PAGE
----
07 Aug 2023 | 109
The ocean has reached its highest average surface temperature, breaking a record high from 2016, according to the EU’s climate change service Copernicus.
The ocean helps regulate our climate, produces most of the oxygen we breathe and is home to a vast range of species. It reached 20.96C (69.73F) – far above the average for this time of year.
Researchers at the CPR Survey's parent institute Marine Biological Association (MBA) are working to understand how and where ocean temperatures are increasing, and the impacts these changes are having on the wider marine ecosystem.
BBC Climate Editor Justin Rowlatt visited the MBA to learn about data collected from the Continuous Plankton Recorder (CPR) Survey, the longest running and most geographically extensive marine plankton sampling program in the world. CPR Analyst Jennifer Leigh said: “Over the last six decades we’ve been seeing some plankton species moving further north, and that’s having a direct impact on the wider ecosystem.”
BBC Climate Editor Justin Rowlatt interviewing CPR Analyst Jennifer Leigh in the CPR Labs.
Plankton are a diverse collection of tiny organisms found in water. They are a vital food source for many organisms and their activity in the ocean helps regulate the absorption of carbon from the atmosphere to the ocean.
Leigh added: “Plankton are incredibly important, they provide over half the world’s oxygen, and they are also providing food for so many species within the marine food web.”
Most plankton are sensitive to environmental changes, which means they are excellent indicators of contamination.
Research using CPR Survey data has shown that the distribution and abundance of some plankton speciesis changing in response to increasing sea surface temperatures. Species that are adapted to colder temperatures are being pushed northwards towards the pole, while species that are more suited to warmer waters are replacing them.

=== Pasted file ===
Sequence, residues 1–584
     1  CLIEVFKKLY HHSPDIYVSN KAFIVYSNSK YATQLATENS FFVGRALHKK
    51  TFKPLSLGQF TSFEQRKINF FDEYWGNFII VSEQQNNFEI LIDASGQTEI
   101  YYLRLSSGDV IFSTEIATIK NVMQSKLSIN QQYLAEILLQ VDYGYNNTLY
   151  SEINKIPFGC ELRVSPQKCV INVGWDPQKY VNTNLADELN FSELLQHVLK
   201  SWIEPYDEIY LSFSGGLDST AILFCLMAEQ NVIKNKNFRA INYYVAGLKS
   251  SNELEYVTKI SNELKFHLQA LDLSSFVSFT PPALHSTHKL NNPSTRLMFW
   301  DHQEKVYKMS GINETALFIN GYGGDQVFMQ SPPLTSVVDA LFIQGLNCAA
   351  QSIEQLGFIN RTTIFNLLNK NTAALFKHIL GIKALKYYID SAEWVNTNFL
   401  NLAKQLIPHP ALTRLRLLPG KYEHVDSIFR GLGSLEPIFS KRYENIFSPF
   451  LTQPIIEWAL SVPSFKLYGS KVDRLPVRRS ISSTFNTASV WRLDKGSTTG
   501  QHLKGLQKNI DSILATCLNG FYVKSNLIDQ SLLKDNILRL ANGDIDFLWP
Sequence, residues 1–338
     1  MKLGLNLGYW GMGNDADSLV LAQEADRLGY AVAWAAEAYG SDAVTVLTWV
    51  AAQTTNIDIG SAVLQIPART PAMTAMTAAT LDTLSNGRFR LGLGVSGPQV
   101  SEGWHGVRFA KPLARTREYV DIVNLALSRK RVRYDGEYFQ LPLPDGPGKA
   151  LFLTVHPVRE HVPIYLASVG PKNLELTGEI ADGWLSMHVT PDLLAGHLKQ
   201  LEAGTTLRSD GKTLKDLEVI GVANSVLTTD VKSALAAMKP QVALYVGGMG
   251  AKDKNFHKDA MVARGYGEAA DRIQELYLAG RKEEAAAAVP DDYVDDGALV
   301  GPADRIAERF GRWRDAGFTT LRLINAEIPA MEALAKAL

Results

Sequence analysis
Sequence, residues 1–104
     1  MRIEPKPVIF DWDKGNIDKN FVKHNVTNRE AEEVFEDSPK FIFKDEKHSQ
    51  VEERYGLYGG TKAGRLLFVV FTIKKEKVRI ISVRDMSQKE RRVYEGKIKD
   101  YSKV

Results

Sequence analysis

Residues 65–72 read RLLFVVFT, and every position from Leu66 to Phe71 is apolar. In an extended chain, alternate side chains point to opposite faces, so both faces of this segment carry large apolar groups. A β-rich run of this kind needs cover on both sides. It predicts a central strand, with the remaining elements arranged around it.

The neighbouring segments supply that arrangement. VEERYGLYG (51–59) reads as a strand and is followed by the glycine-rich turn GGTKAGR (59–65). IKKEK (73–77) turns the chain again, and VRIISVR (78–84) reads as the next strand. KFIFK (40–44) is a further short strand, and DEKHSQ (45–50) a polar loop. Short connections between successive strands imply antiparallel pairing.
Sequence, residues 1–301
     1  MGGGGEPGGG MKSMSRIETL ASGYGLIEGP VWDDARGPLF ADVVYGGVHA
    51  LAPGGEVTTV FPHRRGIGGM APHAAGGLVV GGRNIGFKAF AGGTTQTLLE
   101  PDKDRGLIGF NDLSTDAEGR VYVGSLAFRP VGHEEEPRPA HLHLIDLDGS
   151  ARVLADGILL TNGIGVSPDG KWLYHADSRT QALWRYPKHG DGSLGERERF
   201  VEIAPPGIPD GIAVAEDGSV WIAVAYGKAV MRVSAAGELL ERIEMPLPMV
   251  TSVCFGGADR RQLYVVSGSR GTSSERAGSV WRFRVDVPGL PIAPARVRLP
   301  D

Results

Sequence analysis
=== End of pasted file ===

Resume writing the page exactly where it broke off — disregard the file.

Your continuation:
Filming took place aboard Research Vessel MBA Sepia and in the CPR Labs based at the Marine Biological Association. The story was covered on BBC Breakfast, Lunchtime News and a range of BBC Radio stations.
BBC Climate Editor Justin Rowlatt interviewing Dr Michael Collins, University of Plymouth, aboard Research Vessel MBA Sepia.
The Marine Biological Association is also home to the Smale research group, who specialise in investigating the detrimental effect of marine heatwaves.
Marine heatwaves occur when ocean temperatures are extremely warm, much warmer than expected for the location and the time of year for an extended period of time. They can often have significant impacts on marine ecosystems and industries.
The research team have published papers on the biological and socioeconomic impacts of marine heatwaves, and contributed multiple articles for The Conversation.
Postdoctoral Research Assistant Dr Katie Smith said: “This year is an unprecedented year for Marine Heatwaves globally. The increased water temperatures have the potential to cause mass mortalities in a range of animals from invertebrates to marine mammals, loss of marine habitat, and disease. Marine Heatwaves can also impact fisheries and tourism causing huge losses to global economies.
Impact of Marine Heatwaves infographic.
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